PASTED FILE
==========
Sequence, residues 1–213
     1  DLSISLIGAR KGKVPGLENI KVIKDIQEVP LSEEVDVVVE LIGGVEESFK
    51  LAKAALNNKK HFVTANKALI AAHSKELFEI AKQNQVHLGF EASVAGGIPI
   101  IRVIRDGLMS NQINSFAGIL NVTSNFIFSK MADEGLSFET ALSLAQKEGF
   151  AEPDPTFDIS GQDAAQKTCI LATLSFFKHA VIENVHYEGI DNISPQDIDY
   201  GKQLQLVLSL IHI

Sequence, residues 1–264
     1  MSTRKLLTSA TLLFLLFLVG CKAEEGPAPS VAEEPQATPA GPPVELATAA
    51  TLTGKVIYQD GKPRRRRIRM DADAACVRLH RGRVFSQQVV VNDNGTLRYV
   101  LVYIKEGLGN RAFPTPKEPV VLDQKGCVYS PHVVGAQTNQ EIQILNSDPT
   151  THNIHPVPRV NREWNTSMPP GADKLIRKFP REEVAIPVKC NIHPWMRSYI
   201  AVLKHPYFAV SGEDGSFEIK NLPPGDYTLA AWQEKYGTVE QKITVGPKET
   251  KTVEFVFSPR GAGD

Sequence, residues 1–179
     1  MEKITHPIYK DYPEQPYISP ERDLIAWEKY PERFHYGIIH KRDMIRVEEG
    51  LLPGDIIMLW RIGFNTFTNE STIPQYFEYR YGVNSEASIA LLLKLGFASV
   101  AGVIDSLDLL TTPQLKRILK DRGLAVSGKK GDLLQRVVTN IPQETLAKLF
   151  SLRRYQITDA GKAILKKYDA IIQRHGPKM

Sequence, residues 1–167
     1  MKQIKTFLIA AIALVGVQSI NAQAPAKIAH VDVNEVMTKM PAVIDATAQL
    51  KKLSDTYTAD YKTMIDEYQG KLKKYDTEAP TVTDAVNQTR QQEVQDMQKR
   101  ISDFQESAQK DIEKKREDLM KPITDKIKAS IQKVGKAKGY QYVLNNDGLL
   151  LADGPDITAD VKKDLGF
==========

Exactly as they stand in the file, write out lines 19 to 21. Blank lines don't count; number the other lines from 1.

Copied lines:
Sequence, residues 1–167
     1  MKQIKTFLIA AIALVGVQSI NAQAPAKIAH VDVNEVMTKM PAVIDATAQL
    51  KKLSDTYTAD YKTMIDEYQG KLKKYDTEAP TVTDAVNQTR QQEVQDMQKR